The result is greenflation, meaning higher metal and mineral prices. The Bloomberg Commodity Spot Index, a basket of 23 energy, metals and agricultural raw materials contracts, jumped to an all-time high on Monday, surpassing its 2008 and 2011 peaks set during the commodity super-cycle, according to Bloomberg’s Javier Blas

Team Fink

On the other hand, we were too fast. 

Investors and banks, motivated by pressures of both a social (asset owner demand and reputational risk) and financial (cost of capital and physical risk) nature, rapidly rotated away from fossil-fuel companies. Governments are hot on their heels, with net-zero pledges and announcements likely to ramp up at COP26. The result? Companies have shied away from the oil- and coal-based activities required to develop renewables.

Because here’s the second problem with the materials underpinning solar and wind power plants: Production is dirty.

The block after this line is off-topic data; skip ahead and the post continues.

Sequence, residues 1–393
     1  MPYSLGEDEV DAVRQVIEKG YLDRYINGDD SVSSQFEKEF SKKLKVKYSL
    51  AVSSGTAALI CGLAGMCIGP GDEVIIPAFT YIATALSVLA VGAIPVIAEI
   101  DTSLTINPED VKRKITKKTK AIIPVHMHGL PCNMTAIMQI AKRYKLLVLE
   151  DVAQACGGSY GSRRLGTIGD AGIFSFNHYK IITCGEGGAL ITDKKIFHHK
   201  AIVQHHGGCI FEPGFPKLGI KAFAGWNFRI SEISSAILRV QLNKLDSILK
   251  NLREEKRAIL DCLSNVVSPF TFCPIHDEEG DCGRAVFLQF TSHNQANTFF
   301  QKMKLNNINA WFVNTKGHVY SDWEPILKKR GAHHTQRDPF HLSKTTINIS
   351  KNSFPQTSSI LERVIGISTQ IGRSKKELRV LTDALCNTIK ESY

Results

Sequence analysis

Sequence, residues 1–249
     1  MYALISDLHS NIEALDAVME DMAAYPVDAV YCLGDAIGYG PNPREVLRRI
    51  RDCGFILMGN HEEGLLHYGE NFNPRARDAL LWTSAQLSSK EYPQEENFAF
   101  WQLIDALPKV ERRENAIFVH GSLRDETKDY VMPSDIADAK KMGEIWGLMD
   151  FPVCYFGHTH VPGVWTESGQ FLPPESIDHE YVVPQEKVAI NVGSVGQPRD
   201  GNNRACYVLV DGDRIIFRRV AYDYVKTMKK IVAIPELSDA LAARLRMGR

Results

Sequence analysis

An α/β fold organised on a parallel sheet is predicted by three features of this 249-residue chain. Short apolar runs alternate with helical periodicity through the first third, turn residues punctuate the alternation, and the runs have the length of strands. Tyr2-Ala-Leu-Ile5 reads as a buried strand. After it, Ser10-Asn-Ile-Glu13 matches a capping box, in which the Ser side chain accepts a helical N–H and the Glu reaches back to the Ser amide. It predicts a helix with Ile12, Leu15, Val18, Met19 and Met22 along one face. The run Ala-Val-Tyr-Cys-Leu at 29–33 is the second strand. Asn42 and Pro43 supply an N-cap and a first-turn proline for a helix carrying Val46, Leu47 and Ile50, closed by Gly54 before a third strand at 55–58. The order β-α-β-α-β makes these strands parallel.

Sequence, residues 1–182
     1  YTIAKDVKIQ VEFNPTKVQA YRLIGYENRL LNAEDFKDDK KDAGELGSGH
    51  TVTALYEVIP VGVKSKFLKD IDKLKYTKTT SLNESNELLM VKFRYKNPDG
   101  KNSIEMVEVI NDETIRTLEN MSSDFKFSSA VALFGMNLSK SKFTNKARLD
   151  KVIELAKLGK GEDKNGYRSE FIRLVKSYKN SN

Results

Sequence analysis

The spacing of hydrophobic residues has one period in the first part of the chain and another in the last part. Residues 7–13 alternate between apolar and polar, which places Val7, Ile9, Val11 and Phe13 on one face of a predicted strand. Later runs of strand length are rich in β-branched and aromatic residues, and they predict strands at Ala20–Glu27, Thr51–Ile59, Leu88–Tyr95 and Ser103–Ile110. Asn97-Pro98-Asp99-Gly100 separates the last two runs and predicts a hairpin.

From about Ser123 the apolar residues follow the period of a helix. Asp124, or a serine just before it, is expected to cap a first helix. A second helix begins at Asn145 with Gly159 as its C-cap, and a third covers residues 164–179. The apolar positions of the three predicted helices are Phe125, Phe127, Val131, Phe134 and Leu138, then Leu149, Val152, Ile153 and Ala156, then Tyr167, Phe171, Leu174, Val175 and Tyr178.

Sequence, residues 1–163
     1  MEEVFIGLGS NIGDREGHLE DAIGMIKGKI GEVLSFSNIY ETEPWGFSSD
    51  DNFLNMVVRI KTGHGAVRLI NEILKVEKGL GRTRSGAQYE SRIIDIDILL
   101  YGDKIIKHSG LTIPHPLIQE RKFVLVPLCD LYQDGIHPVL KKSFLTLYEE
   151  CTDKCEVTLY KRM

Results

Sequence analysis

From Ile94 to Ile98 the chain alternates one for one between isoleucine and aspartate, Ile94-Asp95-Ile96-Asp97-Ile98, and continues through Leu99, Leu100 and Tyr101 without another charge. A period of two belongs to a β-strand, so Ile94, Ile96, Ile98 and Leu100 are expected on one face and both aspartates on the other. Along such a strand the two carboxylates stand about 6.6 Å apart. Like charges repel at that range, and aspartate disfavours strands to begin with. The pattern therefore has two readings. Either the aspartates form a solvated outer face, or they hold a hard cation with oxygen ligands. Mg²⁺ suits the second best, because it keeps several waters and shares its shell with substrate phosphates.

The result is core inflation. With coal now a materia non grata, yet renewables nowhere near where they need to be, the price of energy has skyrocketed. 

The canary in the coalmine

Nowhere is the paradox more clearly on show than with aluminium. 

Global consumption of the metal, a core component for renewables, almost entirely originates in China. Development, however, requires a lot of electricity. Plants have two options: coal or hydropower. Thanks to climate-change induced droughts in China, the latter isn’t on the table this year. But, given net-zero targets coming from Beijing, not to mention European levies to account for production emissions, coal isn’t on the table either. Thus renewable development slows, fossil-fuel reliance continues, extreme weather events multiply, climate policies become more aggressive, materials more expensive, renewable development slows more, and the transition is further out of reach.

Ironically, while all eyes are on Evergrande, China’s energy supply crunch looms in the background as a far greater threat to the world economy.  

All factors are financial